An estimated 90 percent to 98 percent of individuals who die from suicide meet criteria for at least one psychiatric disorder, according to background information in the article. “Prior research has consistently found associations between psychiatric conditions (e.g., depression, bipolar disorder, posttraumatic stress disorder [PTSD], schizophrenia and alcohol and/or drug use disorders) and risk of fatal and non-fatal suicide attempts,” the authors write. However, determining the association between individual psychiatric conditions and suicide risk has been difficult, in part because of the low numbers of suicides in many research studies.
The Veterans Affairs Healthcare System is the largest single healthcare system in the country, and recent research indicates veterans have an elevated risk of suicide when compared to the general population, the authors note. Mark A. Ilgen, Ph.D., and colleagues at the Department of Veterans Affairs (VA) Healthcare System and the University of Michigan, Ann Arbor, examined the associations between different types of psychiatric diagnoses and suicide risk among more than 3 million veterans who received any type of care at a VA facility in 1999 and were alive at the beginning of 2000. Psychiatric diagnoses were obtained from 1998 and 1999 treatment records and deaths by suicide were tracked over the following seven years.
During this follow-up period, 7,684 veterans died by suicide. Slightly less than half (46.8 percent) of those who died by suicide had at least one psychiatric diagnosis, and all of the psychiatric diagnoses examined—depression, schizophrenia, bipolar disorder, substance use disorders, PTSD and other anxiety disorders—were associated with an elevated risk of suicide.
“In men, the risk of suicide was greatest for those with bipolar disorder, followed by depression, substance use disorders, schizophrenia, other anxiety disorders and PTSD,” the authors write. “In women, the greatest risk of suicide was found in those with substance use disorders, followed by bipolar disorder, schizophrenia, depression, PTSD and other anxiety disorder.”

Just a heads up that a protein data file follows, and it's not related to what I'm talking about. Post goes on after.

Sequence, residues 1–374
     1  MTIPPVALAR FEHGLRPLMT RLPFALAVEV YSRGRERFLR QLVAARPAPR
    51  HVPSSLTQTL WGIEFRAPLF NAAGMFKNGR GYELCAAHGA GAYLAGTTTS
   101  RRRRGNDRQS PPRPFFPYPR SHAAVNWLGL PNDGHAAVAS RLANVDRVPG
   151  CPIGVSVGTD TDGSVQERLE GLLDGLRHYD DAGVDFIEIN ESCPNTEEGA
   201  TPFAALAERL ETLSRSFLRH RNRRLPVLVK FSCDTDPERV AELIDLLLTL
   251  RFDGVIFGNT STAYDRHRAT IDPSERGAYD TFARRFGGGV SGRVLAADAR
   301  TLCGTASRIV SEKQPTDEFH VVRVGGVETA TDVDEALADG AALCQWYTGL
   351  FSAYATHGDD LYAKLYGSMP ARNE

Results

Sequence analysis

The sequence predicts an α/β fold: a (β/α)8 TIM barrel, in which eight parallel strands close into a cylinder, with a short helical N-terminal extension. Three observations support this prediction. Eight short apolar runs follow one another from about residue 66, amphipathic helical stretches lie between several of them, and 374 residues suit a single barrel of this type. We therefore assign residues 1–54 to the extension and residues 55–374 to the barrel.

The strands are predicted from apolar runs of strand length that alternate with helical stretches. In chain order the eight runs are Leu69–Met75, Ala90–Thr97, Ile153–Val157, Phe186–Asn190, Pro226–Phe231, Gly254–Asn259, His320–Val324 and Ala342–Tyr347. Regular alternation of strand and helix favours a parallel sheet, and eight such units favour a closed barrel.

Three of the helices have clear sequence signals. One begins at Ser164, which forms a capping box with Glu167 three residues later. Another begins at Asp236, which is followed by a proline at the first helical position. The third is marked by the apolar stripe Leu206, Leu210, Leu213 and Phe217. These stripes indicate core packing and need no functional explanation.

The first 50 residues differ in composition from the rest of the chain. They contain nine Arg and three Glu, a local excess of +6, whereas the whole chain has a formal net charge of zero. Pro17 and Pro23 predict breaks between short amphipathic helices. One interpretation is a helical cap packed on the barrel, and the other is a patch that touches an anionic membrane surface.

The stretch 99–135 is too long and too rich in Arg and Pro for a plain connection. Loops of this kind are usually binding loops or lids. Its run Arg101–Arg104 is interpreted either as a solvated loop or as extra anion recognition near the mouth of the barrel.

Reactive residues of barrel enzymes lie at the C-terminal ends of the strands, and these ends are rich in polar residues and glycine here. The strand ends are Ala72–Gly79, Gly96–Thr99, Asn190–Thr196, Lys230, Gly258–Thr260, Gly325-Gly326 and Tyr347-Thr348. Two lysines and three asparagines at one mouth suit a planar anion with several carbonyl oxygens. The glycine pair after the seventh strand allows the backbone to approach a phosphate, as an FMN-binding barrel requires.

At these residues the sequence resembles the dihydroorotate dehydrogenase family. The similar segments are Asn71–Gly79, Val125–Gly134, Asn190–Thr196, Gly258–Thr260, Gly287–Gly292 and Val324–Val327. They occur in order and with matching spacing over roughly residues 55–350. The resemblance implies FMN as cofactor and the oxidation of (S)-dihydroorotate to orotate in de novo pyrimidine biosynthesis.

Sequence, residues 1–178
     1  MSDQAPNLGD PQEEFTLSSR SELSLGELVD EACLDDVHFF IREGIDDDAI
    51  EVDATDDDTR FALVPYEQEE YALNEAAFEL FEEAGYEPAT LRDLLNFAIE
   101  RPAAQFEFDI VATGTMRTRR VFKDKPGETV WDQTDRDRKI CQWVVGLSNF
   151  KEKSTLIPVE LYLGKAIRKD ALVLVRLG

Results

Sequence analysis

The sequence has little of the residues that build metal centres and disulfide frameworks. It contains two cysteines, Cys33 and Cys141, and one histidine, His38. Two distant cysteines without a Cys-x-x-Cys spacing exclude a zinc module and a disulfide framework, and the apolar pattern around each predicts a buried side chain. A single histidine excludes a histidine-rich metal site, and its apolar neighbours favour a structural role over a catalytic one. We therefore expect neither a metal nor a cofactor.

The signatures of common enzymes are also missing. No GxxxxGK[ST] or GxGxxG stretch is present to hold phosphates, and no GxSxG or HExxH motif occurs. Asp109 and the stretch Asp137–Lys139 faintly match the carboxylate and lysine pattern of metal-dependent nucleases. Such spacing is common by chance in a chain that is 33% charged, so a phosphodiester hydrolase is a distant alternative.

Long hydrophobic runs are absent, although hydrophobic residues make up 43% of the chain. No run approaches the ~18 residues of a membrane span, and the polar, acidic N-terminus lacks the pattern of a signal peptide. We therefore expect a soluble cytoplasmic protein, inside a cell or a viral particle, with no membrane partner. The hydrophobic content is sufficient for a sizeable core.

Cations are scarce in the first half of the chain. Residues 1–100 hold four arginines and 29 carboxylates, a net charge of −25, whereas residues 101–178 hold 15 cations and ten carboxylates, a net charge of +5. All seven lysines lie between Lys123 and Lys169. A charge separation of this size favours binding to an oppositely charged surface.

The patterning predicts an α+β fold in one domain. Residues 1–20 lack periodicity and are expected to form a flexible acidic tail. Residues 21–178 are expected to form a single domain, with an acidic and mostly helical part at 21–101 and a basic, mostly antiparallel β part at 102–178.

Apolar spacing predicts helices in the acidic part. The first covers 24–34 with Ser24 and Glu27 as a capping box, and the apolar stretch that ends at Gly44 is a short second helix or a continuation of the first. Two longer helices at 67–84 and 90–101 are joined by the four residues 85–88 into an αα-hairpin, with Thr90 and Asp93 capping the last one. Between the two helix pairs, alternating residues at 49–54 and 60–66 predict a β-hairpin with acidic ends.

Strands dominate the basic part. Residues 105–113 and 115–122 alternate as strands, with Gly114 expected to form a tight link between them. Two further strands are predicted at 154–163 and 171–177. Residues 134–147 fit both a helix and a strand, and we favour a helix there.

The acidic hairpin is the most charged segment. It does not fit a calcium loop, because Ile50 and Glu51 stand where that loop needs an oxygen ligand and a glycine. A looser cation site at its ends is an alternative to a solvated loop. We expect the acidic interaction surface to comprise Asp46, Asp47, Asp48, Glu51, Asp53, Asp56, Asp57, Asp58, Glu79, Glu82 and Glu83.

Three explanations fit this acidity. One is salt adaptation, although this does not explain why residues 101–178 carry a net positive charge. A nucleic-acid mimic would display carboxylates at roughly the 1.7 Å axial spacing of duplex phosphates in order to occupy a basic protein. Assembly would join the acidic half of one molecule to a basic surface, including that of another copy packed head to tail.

Overall, the least common diagnosis—bipolar disorder—was more strongly associated with suicide than any other condition. Bipolar disorder was diagnosed in 9 percent of those who died by suicide. “This makes bipolar disorder particularly appropriate for targeted intervention efforts or attempts to improve medication adherence,” the authors write.
“In all likelihood, many individuals with psychiatric disorders who were at risk for suicide were not identified by the treatment system,” the authors conclude. “This could be owing to stigma, which may have made individuals less likely to report their mental health symptoms to physicians, an effect that could be more pronounced among men with military experience. These findings highlight the importance of improved identification, diagnosis and treatment of psychiatric diagnoses (particular bipolar disorder, depression, substance use disorders and schizophrenia) of all health care system users.”